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By the Numbers

Taxes 101: A Comparative Perspective


When U.S. corporations earn profits from their overseas subsidiaries, they can either bring the income back home or keep it invested overseas. Most developed countries use one of two systems to tax such profits: worldwide or territorial. Here are the basics of each and examples of countries that use them.



WORLDWIDE SYSTEM

Countries: U.S., Mexico, South Korea



How it works:

• Under the U.S. variant of the system, all profits are taxed at the home country's rate, regardless of where they are earned.

• A company can claim a foreign tax credit for taxes paid to other governments.

• Corporations may defer home country tax on active foreign earned income until that income is repatriated.

• Passive income, or profits earned from so-called intangible sources such as interest, is taxed in the U.S. as it is earned, regardless of whether it is repatriated.



Pros:

Companies face the same tax rate on domestic and international income.



Cons:

• Deferral provides an incentive for companies to reinvest their profits overseas to avoid the higher U.S. tax rate.

• U.S. companies pay higher taxes than their foreign rivals when they compete abroad.



TERRITORIAL SYSTEM

Countries: Germany, U.K., Japan



How it works:

• A company is allowed an exemption for income repatriated from foreign subsidiaries. The exemption essentially allows overseas profits to be untaxed and immediately brought home.

• Some countries, such as Japan and Germany, exempt only 95 percent of repatriated profits.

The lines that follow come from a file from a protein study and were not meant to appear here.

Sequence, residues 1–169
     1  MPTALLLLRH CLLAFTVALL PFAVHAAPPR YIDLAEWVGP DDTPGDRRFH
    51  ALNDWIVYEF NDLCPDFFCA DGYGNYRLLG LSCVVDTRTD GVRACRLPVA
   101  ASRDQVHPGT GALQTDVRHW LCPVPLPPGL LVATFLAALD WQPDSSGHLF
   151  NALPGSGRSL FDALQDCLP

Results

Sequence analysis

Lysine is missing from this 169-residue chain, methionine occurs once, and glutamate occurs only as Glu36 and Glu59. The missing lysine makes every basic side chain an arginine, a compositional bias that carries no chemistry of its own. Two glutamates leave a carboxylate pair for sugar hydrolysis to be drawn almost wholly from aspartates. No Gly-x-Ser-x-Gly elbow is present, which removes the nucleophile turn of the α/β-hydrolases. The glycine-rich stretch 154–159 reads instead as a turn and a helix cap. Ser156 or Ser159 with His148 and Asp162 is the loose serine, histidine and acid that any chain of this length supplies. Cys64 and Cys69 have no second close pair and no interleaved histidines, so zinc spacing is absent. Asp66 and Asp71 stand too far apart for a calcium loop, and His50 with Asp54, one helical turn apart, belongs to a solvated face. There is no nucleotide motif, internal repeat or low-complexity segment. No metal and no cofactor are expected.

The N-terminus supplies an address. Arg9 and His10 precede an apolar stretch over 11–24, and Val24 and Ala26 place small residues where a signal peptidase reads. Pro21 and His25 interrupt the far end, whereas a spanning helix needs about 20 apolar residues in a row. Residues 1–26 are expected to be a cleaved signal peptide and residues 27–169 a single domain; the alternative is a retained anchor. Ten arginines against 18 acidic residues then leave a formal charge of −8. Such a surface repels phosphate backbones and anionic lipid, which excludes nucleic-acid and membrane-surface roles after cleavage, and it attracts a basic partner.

Pros:

• Eliminating tax on repatriated income encourages companies to bring profits back home. This may spur investment and create jobs.

• Governments do not have to track how much tax was paid to other countries, since there is no need for a foreign tax credit.



Cons:

• Exempting repatriated profits from tax may lower government revenues, as companies have an incentive to shift operations and income to countries with low tax rates.

• Countries must determine how to allow companies to deduct business expenses—either against domestic income, overseas income, or both.



WHERE CASH TAKES A HOLIDAY

Congress in 2004 passed a law that allowed most profits repatriated to the U.S. to be taxed at 5.25 percent instead of 35 percent for a temporary tax holiday. Companies have used accounting techniques to shift their offshore profits to countries with low corporate tax rates—or none at all. Here are some of their favorite locales.



Bermuda

2006 GDP (2006 U.S. dollars) - $5.4 billion

Untaxed profits (2006 IRS data) - $51.1 billion

Bermuda's zero percent tax rate encourages U.S. businesses to set up holding companies in the country.



Netherlands

2006 GDP (2006 U.S. dollars) - $677.7 billion

Untaxed profits (2006 IRS data) - $42.0 billion

A "Dutch sandwich" transaction allows companies to route business transactions through subsidiaries and holding companies in Ireland, Bermuda, and the Netherlands to avoid income tax.



Ireland

2006 GDP (2006 U.S. dollars) - $221.7 billion

Untaxed profits (2006 IRS data) - $37.6 billion

Using a "double-Irish" transaction, a U.S. company can route its intellectual property sales through an operation in Ireland and another in a tax haven. That allows firms to circumvent any tax on the intellectual property.



Cayman Islands

2006 GDP (2006 U.S. dollars) - $2.3 billion

Untaxed profits (2006 IRS data) - $28.1 billion

Ugland House in the Cayman Islands is the registered address for 18,957 companies. The Caymans' zero percent tax rate encourages U.S. businesses to establish holding companies there.



Sources: World Bank; Federal Reserve; IRS; U.S. Government Accountability Office

Caminiti is a reporter for Bloomberg News.
Hughes is an analyst for Bloomberg Government.

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